And you see what is inadvertent or accidental discrimination, then you start searching for a way to be fair. We want to be fair.

If you have an occasion to witness an actual incident where it might be improved to eliminate discrimination, I hope you'll bring that to the attention of Pat Harris, and I'm sure she'll bring it to my attention. She's very forceful about doing that.

Maybe one more question.


Q. [Inaudible]

THE PRESIDENT. The question was, would I favor withdrawing the tax deductions and substitute tax credits? Yes, I favor that move. In the economic stimulus proposal that we presented to the Congress, there is a permanent change in the Tax Code that will give a standard deduction. That will provide simplicity quite different from your 1976 income tax return, which you've already seen.. It will provide a very simple, single computation for 75 percent of all the taxpayers in the Nation.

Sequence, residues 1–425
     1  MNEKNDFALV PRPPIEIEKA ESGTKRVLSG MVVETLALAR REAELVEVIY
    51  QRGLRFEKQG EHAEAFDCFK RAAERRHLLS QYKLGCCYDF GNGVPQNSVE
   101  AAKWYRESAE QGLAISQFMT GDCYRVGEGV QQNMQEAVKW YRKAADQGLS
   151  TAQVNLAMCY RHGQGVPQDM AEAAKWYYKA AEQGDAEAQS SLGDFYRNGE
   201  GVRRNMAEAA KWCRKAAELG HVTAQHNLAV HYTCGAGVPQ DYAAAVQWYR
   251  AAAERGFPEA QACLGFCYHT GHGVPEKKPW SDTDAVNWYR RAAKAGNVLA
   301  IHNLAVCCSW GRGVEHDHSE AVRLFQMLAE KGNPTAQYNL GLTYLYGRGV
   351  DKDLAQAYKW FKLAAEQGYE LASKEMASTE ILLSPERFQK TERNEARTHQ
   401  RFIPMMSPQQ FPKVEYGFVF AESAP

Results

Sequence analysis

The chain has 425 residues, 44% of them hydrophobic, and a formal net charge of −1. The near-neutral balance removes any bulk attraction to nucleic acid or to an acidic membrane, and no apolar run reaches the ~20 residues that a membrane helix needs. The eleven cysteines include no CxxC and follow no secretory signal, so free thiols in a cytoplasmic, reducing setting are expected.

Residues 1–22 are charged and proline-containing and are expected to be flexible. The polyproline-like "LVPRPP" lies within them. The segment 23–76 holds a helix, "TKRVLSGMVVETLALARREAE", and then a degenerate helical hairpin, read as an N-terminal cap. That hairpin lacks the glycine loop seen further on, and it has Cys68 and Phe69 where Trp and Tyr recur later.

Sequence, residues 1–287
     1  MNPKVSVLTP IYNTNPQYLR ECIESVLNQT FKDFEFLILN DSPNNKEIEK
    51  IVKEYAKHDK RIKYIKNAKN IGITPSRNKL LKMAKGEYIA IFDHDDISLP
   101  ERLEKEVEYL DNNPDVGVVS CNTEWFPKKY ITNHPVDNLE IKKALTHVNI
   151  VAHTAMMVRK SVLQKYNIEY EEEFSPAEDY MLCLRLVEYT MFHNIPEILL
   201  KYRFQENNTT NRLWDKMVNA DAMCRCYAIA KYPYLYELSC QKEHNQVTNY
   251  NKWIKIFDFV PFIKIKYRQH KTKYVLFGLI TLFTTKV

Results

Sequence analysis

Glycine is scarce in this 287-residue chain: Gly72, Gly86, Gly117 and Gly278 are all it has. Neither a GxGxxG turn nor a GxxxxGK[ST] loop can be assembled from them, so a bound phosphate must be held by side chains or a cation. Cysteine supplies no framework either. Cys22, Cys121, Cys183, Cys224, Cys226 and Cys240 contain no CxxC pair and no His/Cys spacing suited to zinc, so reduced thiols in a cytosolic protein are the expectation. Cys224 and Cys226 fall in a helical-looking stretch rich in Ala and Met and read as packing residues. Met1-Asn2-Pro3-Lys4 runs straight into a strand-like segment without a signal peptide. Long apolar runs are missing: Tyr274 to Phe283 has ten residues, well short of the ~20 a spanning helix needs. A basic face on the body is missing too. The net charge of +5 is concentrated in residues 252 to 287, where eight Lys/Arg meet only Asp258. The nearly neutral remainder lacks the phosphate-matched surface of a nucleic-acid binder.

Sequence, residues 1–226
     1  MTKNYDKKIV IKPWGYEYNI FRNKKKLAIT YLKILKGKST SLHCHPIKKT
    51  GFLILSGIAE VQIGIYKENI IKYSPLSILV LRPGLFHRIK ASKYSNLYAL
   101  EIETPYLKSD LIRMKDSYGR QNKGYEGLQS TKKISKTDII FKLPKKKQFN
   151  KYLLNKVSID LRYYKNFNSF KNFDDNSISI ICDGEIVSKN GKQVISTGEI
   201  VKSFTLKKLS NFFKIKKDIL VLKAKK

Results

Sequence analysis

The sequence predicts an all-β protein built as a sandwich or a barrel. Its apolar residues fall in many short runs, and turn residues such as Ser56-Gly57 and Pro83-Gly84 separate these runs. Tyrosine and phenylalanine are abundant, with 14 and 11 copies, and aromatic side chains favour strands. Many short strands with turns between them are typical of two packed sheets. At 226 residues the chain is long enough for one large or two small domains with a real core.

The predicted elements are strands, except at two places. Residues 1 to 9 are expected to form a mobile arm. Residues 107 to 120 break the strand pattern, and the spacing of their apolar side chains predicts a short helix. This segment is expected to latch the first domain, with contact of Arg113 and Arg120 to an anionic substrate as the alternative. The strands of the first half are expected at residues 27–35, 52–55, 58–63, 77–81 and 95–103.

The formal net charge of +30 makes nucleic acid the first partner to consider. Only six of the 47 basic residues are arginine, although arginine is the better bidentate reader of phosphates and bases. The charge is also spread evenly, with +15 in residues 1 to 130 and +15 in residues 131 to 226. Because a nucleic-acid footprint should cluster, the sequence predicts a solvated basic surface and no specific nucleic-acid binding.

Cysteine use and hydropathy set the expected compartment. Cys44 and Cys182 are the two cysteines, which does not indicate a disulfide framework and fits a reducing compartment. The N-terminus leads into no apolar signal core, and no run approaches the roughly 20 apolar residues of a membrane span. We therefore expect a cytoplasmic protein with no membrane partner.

The next move will be comprehensive income tax reform. This will be headed by the Secretary of the Treasury, Mike Blumenthal. And before the end of this year, we will be ready to recommend to the Congress a comprehensive, overall tax reform proposal. Surely, one of those proposals will be to give a standard credit on your income tax to be paid, and not the standard deductions. As you know, the difference is that the standard deduction helps much more the very high-income families, while credit--this is where you deduct so many dollars for the income tax you owe--is of much more benefit to those who make low incomes. So, this will certainly be part of the overall tax package.